Small business relief now and for the future
The speed at which funds were utilized for the Small Business Administration’s Paycheck Protection Program and Economic Injury Disaster Loans is an alarming indication of how this pandemic has impacted the business community. While listening to a SBA webinar, chamber staff learned that the federal government processed 14 years worth of loan applications in 14 days.
Nationally, many people were frustrated to hear reports of how larger businesses were able to accumulate multiple PPP loans due to loopholes in the legislation. In the Adirondacks, there are mixed reviews from businesses and organizations on the status of their applications. Some PPP applications were successful, while others were unable to have their applications reviewed and approved before funding ran out. Many folks who applied for an EIDL have not heard any updates since submitting. A recent survey conducted by the Adirondack North Country Association found that 62% of respondents have not heard from the program they applied for.
Fortunately, the federal government finished passing a fourth COVID-19 relief measure this past Thursday. The newest legislation added an additional $320 billion to PPP, with $60 billion set aside for smaller lending facilities, including minority depository institutions, certified development companies and credit unions. Also, an additional $60 billion was allocated to EIDL, with $50 billion for loans and $10 billion for cash advances.
The PPP loan application process will resume today (Monday, April 27) at 10:30 a.m. Eastern Time. PPP lenders are being advised to “process loan applications previously received” and “to disburse funds expeditiously.” Businesses or organizations with loans already submitted to a lender should remain in contact with their financial institution to ensure their application is received and ready for review. Since it is understood that the demand for the PPP loans is high, those that do not have a PPP application already submitted are encouraged to contact their financial institution as soon as possible to start the process.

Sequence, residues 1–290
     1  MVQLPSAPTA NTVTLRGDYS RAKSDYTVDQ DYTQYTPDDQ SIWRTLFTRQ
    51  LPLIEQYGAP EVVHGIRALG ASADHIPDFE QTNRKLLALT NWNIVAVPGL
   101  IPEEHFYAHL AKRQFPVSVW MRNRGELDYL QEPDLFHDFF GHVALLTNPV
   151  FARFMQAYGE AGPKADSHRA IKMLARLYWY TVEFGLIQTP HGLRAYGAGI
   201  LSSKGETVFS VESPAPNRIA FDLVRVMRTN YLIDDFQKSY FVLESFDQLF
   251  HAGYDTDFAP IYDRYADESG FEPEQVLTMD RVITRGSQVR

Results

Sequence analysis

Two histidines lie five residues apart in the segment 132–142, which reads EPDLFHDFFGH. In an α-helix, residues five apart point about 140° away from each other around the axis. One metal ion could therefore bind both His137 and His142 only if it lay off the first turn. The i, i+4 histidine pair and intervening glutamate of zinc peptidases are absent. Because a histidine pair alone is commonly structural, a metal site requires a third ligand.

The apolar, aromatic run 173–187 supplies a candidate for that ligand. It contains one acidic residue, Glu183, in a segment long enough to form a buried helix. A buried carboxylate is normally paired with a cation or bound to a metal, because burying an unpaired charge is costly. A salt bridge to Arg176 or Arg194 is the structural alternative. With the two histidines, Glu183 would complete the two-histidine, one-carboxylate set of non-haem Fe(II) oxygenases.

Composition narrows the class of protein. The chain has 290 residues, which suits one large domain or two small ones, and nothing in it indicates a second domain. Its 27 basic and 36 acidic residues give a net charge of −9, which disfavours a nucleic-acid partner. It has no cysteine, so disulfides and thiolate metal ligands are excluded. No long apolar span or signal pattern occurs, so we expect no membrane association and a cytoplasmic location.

The EIDL application portal was removed from the SBA website once appropriations lapsed. Interested businesses and organizations who have not already submitted an application should check back regularly to see when the portal will activate again.
There is a team of economic development partners in the region at the ready to help navigate these programs and the negative impacts of the pandemic. Businesses and organizations do not need to feel alone during this crisis. While businesses are trying to figure out how to deal with the crisis in front of them, this same team of economic development partners are working on a support system moving forward. As we look toward the future, the business community will need even more guidance and support. Policies in the “new normal” will create unforeseen challenges and opportunities influenced by necessary public health measures. These currently unknown policies will have unintended costs and potentially new business operations that can limit cash flow. As the community has pulled together to face the crisis of the moment, there is an opportunity to continue this cooperative spirit by ensuring we all are prepared for what comes next. This community has the freedom to start planning for the “new normal” now.
Patrick Murphy is director of the Saranac Lake Area Chamber of Commerce.